Groote Schuur Hospital performs South Africa’s first bowel enteroscopy

03 June 2021 | Story Niémah Davids. Read time 6 min.
 A team of academics at UCT and Groote Schuur Hospital have performed South Africa’s first bowel enteroscopy using the novel PowerSpiral device. <b>Photo</b> UCT News.
 A team of academics at UCT and Groote Schuur Hospital have performed South Africa’s first bowel enteroscopy using the novel PowerSpiral device. Photo UCT News.

A team of academics at the University of Cape Town’s (UCT) Division of Medical Gastroenterology have performed South Africa’s first successful bowel enteroscopy (endoscopy of the small bowel). The cutting-edge procedure was carried out at Groote Schuur Hospital (GSH), and is set to transform the way clinicians access and examine the previously inaccessible small bowel – using a minimally invasive technique.

The bowel enteroscopy was led by senior consultant Dr Dion Levin in partnership with Professor Mashiko Setshedi, the head of the Division of Medical Gastroenterology. The procedure was carried out using the novel PowerSpiral device, and demonstrates a significant advancement in the field of gastroenterology – the branch of medicine that focuses on the digestive system.

SA’s first successful bowel enteroscopy procedure
SA’s first successful bowel enteroscopy procedure was led by senior consultant Dr Dion Levin in partnership with Professor Mashiko Setshedi, the head of UCT’s Division of Medical Gastroenterology, and a team of experts. Photo Supplied.

“We are so proud of this achievement. Exciting advances are occurring rapidly in the field of gastroenterology, and UCT is front and centre of it all – leading the way for South Africa and the continent,” said Professor Setshedi.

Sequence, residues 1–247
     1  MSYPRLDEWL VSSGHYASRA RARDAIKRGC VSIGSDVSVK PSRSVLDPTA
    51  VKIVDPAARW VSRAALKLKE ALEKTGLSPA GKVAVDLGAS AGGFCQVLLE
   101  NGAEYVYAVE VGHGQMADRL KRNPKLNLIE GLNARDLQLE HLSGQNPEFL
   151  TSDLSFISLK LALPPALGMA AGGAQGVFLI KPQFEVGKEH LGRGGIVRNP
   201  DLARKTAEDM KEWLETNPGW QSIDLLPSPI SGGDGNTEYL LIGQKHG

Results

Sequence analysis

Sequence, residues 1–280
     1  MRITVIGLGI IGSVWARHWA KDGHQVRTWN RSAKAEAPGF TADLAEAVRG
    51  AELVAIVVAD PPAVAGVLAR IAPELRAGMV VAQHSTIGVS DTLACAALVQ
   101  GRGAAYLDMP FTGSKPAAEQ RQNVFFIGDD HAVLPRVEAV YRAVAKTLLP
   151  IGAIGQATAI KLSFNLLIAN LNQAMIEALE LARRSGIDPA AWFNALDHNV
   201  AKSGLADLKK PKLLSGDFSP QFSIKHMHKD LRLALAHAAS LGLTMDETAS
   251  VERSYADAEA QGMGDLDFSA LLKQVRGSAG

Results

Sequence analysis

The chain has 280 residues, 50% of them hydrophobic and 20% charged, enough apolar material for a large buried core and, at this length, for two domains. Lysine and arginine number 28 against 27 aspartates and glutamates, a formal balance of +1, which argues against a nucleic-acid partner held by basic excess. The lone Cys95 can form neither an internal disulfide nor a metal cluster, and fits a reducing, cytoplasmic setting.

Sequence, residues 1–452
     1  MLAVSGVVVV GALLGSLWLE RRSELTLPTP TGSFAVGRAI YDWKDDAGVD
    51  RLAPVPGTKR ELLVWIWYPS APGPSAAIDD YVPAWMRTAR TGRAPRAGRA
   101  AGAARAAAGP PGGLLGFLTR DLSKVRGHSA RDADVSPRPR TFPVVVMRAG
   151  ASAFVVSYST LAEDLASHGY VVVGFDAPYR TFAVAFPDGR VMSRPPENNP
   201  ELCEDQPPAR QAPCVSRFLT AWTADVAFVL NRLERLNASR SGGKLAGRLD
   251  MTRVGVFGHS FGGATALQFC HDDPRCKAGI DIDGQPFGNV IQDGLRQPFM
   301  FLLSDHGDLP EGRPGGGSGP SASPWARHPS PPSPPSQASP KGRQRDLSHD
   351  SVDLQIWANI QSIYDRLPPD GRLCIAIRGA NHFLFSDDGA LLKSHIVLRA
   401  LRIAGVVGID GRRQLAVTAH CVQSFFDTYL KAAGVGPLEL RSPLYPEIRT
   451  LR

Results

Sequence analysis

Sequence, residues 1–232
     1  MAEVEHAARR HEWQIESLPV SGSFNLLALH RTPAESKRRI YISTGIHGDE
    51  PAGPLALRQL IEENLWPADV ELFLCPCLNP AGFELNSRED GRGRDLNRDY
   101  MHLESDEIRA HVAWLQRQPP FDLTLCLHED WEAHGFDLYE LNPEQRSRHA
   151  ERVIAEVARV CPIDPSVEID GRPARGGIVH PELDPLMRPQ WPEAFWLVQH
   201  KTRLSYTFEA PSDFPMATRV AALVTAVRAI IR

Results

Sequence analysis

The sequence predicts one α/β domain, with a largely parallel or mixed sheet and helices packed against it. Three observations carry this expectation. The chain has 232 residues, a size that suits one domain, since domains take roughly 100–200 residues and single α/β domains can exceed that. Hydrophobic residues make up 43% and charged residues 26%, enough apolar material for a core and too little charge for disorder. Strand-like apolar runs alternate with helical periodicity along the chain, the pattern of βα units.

Accessing the small bowel

The small bowel (also referred to as the small intestine) is an organ located in the gastrointestinal tract. It is roughly five to seven metres in length (depending on the person’s height) and absorbs nutrients and minerals from the food we eat.

Prior to this procedure, accessing and examining the small bowel using a standard-length endoscope had always been tricky for clinicians. Enteroscopy is a far more complex procedure compared to other common digestive system procedures such as gastroscopy and colonoscopy (examination of the upper and lower gut respectively), performed to access the oesophagus and stomach, as well as the colon and rectum.

But examining the small bowel is often necessary. Typically, Setshedi explained, patients with iron deficiency anaemia or gastrointestinal blood loss, but normal upper and lower endoscopies, require a small-bowel examination. Over the years, new techniques to access the organ and to address this issue have been developed. One method is video capsule endoscopy (VCE) – an oral camera the size of a large pill is swallowed, and accurately photographs the small bowel as it transits the gut. This procedure provides doctors with a real-time view of the small bowel and helps them diagnose deep lesions.